Grieving sucks. It takes away so much of your energy and motivation that it can make just making it through a day under normal circumstances exorbitantly difficult. Knowing this, and knowing that it will take a very long time to get through the initial flood of it, I knew that I was going to have to prioritize where I would spend the precious little energy I did have, and make allowances for myself to let go of tasks that I would normally find mandatory. The choice was pretty easy; my priority was the kids, and making sure they were getting the love, support - and education - that they need and deserve. Unfortunately, the biggest thing that ended up falling by the wayside was the paperwork aspect of it - namely, the documentation of the work that we were doing. I had hoped - and thought it hugely important - to document the experiences and discussions we engaged in as they happened by adding (ideally: daily; but 'realistically': weekly) entries into a portfolio. To that end I did take digital photographs throughout (most) days, weeks, months -and now the full school year, but until now I have not managed to get myself to sit down and write any of it out.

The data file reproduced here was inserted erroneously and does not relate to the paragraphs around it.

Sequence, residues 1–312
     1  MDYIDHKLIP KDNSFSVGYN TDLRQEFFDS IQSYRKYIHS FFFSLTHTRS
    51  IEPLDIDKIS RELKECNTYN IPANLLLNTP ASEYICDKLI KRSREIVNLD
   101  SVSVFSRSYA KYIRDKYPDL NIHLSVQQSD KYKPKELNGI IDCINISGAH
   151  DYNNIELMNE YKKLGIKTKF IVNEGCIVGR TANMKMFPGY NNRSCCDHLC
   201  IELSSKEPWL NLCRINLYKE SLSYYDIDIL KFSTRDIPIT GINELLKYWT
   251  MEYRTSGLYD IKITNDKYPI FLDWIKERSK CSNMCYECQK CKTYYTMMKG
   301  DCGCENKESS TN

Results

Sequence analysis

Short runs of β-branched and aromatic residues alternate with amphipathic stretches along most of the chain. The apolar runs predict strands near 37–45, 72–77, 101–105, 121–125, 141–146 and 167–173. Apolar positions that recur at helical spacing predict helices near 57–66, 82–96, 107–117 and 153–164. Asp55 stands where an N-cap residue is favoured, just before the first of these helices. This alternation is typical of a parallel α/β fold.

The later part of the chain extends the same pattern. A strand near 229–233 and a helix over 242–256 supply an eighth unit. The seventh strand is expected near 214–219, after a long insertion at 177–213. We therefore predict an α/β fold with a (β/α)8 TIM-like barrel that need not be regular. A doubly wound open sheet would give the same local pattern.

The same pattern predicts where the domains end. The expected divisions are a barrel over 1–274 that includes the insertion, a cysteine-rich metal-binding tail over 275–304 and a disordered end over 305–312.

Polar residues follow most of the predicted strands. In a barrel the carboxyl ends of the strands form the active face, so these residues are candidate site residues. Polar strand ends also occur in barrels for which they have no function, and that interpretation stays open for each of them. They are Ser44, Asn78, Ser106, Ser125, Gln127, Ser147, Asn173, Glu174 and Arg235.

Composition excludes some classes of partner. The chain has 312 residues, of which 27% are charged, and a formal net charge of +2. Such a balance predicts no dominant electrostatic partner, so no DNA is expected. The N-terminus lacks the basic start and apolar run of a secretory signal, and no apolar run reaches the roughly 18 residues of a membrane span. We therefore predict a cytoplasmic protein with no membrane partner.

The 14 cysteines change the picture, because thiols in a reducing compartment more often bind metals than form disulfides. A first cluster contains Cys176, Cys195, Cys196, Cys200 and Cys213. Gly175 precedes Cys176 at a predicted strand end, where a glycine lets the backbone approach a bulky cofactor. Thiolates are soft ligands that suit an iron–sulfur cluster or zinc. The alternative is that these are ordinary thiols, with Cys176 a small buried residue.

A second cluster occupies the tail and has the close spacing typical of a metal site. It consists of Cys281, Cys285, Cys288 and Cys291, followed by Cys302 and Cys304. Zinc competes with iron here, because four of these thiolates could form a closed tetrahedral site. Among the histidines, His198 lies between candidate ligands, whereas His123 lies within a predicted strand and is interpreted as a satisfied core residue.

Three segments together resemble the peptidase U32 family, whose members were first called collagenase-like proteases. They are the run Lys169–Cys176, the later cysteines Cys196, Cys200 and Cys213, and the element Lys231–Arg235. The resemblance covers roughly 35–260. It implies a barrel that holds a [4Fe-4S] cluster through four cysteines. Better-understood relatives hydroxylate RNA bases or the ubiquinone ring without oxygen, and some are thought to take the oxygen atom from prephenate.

Unfortunately this means that this portfolio document will be pathetically incomplete. As I sit down now to try to compile all of the information I can about the amazing journey these kids and I have undertaken this year, I am aware that I am going to have to pick and choose what to put to the page in order to give as much of an idea of scope as I can while still paying attention to some of the finer, pertinent, details.
So here goes:
Our homeschooling year kicked off in a hard way, with our first official day of homeschooling coinciding (horribly) with the sudden and rapid decline in my mother's health. (In fact she was rushed to the ER on Cadie's last day of public school.) Mom lived with us at the time, and the freedom to care for her was one of the many factors that contributed to our decision to homeschool in the first place; but we had thought we were still weeks to months away from the end. It ended up being mere days; and thus homeschooling for us has been inextricably tied up with love, grief, and healing...and of course along with that comes mental health.